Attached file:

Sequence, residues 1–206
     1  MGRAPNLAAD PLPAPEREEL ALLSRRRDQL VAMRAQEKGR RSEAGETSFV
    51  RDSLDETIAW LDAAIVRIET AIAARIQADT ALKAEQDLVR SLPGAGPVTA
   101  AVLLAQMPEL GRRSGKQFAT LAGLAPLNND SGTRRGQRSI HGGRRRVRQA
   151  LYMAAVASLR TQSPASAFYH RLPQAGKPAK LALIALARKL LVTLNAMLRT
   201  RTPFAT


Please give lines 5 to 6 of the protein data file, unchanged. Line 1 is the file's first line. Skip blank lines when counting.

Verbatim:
   151  LYMAAVASLR TQSPASAFYH RLPQAGKPAK LALIALARKL LVTLNAMLRT
   201  RTPFAT